Navigating to success

  • Published
  • By Senior Airman Marjorie Bowlden
  • 911th Airlift Wing Public Affairs
"Five second left turn prep," said the navigator over the faint static of the headset.

The crew of a C-130 Hercules was on an all-weather airdrop system mission. Nature itself seemed to be working against them; the drop zone was enshrouded in thick clouds and fog. The pilots had to depend solely on the guidance of the navigator, whose radar was the only way to keep their course.

"And, execute."

The plane banked gently left, but amid the clouds it was difficult to tell that it was moving at all. The pilots, though flying blind, were able to keep the plane right on target. The delivery was made safely, releasing the building tension and letting everyone breathe a sigh of relief.

"On an AWADS mission, everything depends on the navigator," said Lt. Col. Aldo Filoni, primary evaluator navigator with the 911th Operations Group. "If they can't see, the pilots can't fly safely without the radar, and if you don't do things right, the potential for catastrophe is huge."

Filoni, who has been a navigator for 34 years, recently received the Individual Mishap Free Flying Hour Award for achieving 10,000 flight hours without a safety violation.

Reaching 10,000 flight hours by itself is not often done, said Filoni. It takes dedicating one's entire career to a flying job, which not many Airmen do. Airmen often choose to switch careers before achieving this milestone.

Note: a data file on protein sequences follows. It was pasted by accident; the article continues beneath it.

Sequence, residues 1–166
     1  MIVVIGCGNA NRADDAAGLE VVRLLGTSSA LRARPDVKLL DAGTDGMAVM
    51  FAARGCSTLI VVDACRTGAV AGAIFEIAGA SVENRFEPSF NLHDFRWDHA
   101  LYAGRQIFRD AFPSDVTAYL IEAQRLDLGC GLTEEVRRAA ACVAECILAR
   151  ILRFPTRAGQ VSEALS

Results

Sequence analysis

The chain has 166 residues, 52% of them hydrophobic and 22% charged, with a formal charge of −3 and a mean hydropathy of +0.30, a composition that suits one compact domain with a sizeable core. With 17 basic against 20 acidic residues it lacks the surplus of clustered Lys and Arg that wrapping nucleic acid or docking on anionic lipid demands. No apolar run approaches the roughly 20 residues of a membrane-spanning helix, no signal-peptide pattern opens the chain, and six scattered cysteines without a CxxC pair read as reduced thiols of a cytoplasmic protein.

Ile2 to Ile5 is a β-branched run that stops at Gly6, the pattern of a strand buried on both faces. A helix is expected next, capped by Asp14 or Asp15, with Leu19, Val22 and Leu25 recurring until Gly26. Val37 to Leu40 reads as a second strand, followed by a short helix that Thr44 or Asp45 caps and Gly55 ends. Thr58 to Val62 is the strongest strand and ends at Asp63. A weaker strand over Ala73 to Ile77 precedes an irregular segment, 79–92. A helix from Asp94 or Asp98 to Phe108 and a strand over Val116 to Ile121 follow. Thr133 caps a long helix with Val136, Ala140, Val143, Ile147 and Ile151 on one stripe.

What makes this award even more significant than the number of hours itself is that the individual has not been deemed responsible for any significant mishaps, said Maj. Diane E. Patton, 911th Airlift Wing chief of safety. In 2013, only four Airmen in the Air Force Reserve Command reached the same achievement.

"Lieutenant Colonel Filoni is not only highly experienced, but he's one of the most level-headed and intelligent crew members I have flown with," said Patton. "He's never afraid to speak up when a situation might be heading down an unsafe path. We need that sort of risk management mindedness, and I think that that is one of his strengths."

For Filoni, keeping safety a priority during flight isn't just essential for the well-being of the aircrew; it's also important to keep the civilian population in mind.

"When you take a 120,000 pound airplane with 30,000 pounds of diesel fuel, if you don't keep safety in mind, it's a bomb," said Filoni. "The last thing you want to do is hurt a civilian or someone not associated with this. We're here to protect the civilian population."